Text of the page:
In his keynote address on Tuesday at the National Alliance for Public Charter Schools' 13th Annual National Charter School Conference, Secretary of Education Arne Duncan highlighted YES Prep's partnerships with Houston districts, our founder, Chris Barbic's, work in Tennessee, and our future ventures. Below are some excerpts from his speech:
A lot has changed since I spoke here four years ago. I want to use this opportunity both to reflect on the theme of your conference — “Delivering On the Dream” — and to ask you to think ahead about what the charter movement should seek to accomplish in the next 20 years.
In the last two decades, charter schools have had some extraordinary accomplishments. And yet, we all know the dream of the charter movement is not yet a dream fulfilled.
Topping the list of those extraordinary accomplishments is that high-performing charters have irrefutably demonstrated that low-income children can and do achieve at high levels. I can’t tell you how much that means to me personally.
In rigorous, randomized studies, high-performing charters have shown that great schools close both opportunity and achievement gaps. You have helped debunk the insidious myth that poverty is somehow destiny and that schools don’t really matter much. High-performing charters are one more proof positive that, as President Obama says, “the best anti-poverty program around is a world-class education.”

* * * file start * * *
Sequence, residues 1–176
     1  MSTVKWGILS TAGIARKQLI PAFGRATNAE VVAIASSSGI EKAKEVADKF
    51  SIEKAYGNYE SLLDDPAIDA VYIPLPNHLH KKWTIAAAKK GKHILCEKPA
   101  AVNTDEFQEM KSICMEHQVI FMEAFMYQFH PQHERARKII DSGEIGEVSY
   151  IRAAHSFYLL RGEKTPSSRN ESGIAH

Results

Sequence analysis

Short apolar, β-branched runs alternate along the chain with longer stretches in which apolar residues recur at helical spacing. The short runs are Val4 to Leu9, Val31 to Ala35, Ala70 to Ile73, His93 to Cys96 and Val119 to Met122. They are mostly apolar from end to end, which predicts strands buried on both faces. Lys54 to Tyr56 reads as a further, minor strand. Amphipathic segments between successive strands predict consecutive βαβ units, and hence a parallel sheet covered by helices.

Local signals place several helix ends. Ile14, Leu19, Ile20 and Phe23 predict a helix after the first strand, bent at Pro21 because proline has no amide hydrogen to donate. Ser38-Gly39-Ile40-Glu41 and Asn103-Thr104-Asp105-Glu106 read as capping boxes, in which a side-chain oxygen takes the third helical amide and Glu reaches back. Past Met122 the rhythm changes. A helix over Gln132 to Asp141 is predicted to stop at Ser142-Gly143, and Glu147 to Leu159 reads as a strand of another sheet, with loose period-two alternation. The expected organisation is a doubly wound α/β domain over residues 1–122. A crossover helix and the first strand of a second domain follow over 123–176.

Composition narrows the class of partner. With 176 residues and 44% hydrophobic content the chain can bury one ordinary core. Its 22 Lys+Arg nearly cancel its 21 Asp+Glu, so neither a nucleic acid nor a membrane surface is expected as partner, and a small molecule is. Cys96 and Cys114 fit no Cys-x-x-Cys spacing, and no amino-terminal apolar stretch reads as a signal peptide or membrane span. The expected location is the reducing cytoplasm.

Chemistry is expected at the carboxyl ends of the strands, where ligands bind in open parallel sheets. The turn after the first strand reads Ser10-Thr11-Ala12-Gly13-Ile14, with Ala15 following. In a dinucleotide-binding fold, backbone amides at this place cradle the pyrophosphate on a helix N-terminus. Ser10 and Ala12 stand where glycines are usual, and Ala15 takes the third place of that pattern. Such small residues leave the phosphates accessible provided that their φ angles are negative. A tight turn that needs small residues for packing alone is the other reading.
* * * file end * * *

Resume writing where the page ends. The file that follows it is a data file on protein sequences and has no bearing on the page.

… This work is not for the faint of heart. It takes courage and passion. It takes smarts and expertise. It takes a tenacious commitment. And it takes leadership. You can’t have a great school without great leaders and great teachers.
The charter school movement has delivered on that part of the dream—you’ve shown what is possible. And you have shown that you can provide choice for families and parents where no choice previously existed.
During the first decade of the charter movement, charter operators had to fight what seemed like a daily battle to open up schools, and find space and secure funding. But charters are no longer a boutique movement of outsiders to the educational establishment. America now has more than 6,000 charter schools, serving about 2.3 million students. Almost four percent of students nationwide attend charters — and in some cities, like here in Washington, D.C. — more than 40 percent of students are enrolled in charters.
Many high-performing charters have long wait lists of families — and that story is inspirational and heartbreaking at the same time. But the expansion of educational choice is also a part of the dream where charters have delivered.
Yet if we are honest, much of the promise of the charter movement still remains unfulfilled.
When I spoke at your national conference four years ago, the first CREDO study had been released just days beforehand. At the time, the charter movement was on the defensive. Four years later, the picture is brighter.